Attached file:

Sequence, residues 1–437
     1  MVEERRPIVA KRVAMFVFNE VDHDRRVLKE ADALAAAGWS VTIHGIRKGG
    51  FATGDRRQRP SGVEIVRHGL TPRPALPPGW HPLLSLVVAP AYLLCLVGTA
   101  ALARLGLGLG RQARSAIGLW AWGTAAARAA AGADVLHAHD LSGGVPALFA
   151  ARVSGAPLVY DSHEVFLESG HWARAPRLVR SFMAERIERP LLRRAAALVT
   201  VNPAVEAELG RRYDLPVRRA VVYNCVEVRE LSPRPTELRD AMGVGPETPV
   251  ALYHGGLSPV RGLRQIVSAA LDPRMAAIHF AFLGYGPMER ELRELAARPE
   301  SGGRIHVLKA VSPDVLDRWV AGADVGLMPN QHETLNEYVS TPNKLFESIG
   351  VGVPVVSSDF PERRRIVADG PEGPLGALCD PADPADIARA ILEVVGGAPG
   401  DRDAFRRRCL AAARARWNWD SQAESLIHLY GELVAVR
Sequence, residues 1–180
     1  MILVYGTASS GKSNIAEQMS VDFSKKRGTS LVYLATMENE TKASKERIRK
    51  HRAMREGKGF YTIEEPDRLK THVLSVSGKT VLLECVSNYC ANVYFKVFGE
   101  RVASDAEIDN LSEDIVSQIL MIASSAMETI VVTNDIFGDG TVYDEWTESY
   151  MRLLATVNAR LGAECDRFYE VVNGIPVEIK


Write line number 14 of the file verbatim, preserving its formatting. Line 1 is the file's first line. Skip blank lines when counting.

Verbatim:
   101  RVASDAEIDN LSEDIVSQIL MIASSAMETI VVTNDIFGDG TVYDEWTESY